The government has amended its initial draft so that for lets of less than one month there will have to be a two months' deposit. This is targeted at the national tenancy act, Ley de Arrendamientos Urbanos, and at "non-tourist" rentals. While they may not, under strict application of the tenancy act, be touristic, most of them are precisely that.
Housing minister Marc Pons says that the measure would mean that "false holiday rentals" would not elude the law and would, moreover, make it easier to check data, though this checking may well assume that deposits are lodged in bank accounts.
A different aspect of the housing legislation tackles property that is unoccupied for a lengthy period. The government wants to set this at a minimum of six months and to also have a census of unoccupied properties. It envisages letting town halls decide what to do about such properties.
Pons insists that this would not be a coercive measure but a persuasive one backed up with incentives. He wants to enable more renting (presumably of the long-term variety). Properties could come under the management of the Ibavi housing agency for a period of two years; owners would get returns from the rent.
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I have long term tenants that transfer 6 months rental in advance to my bank account. One even once paid 12 months rental. They negotiate beforehand for a reduced monthly rental price. Many times I have large sums arriving to my bank account. Many owners never wish to rent out their properties. My personal experience is that many rentees leave the property in a poor state and that if they stop paying rent it is an extremely costly and lengthy process to evict here in Spain.
I think it's a DNA thing, and why/how Spain lost the new world.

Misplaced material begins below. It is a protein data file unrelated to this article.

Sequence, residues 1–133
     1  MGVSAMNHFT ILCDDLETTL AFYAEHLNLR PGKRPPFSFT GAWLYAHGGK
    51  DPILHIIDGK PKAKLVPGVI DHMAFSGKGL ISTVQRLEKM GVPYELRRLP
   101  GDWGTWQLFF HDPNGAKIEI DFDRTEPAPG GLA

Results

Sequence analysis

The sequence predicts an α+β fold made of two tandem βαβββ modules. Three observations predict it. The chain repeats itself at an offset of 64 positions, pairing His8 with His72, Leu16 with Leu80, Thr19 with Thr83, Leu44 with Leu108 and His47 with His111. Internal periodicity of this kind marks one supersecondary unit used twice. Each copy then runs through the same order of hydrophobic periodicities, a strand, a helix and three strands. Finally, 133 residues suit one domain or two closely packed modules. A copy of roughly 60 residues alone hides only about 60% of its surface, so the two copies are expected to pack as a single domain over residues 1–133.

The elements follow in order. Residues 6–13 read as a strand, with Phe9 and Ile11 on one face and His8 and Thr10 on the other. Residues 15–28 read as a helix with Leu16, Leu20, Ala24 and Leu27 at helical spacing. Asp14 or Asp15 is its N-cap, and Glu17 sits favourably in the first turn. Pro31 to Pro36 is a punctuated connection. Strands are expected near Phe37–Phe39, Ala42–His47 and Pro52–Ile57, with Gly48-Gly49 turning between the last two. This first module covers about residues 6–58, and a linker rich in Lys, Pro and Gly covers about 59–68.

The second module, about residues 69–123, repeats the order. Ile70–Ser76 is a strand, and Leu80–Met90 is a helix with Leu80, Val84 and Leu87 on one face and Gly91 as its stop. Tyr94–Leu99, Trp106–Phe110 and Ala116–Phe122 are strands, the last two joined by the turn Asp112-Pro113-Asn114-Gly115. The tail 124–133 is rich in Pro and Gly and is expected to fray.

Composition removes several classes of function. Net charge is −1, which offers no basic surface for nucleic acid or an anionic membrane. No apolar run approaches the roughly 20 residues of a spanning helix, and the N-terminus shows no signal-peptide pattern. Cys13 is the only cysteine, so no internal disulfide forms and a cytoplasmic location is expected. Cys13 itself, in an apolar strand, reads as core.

That would mean that anyone would need at least 1 month rent, 2 months deposit, and 1 month agents fee. That comes to around €2000 to be able to rent the cheapest apartment, without the moving costs. This is their solution to the problem of affordable rents ?* This is for all residential tenants by the way, not just those on short-term contracts as reported here. "Otra medida incluida en el proyecto final de la Ley de Vivienda es la fijación de una fianza equivalente a dos meses de renta a depositar en casos de alquileres residenciales, no los vacacionales, que están regulados por otra vía y sujetos a una autorización específica".
Last week they were reporting that people increasingly couldn't afford to pay the high cost of property rents, and now they want tenants to pay an even bigger deposit on top. It won't happen of course, people don't have the money to tie up left in deposits for years, but it does serve to show the true intelligence of the people in authority here. All they can think of is maybe they would be able collect millions in deposited funds.
More proof that these mnisters don't have the brains they were born with. Nothing's broken here, but they're all scurrying around trying to fix it, Mallorca has too much to lose to leave the whole future of the property economy in the hands of these chumps.
That is a great way to insure that you have another housing market crash,many foreign buyers buy for investment and use the property for their own use for a short period during the year,the thought that they might be forced to rent out their property against their will will insure that many seek to invest elsewhere and current owners to sell their property. If this does become law,presumably every estate agent will have to inform potential buyers that they could be forced to rent out their property. Just watch the housing market crash yet again.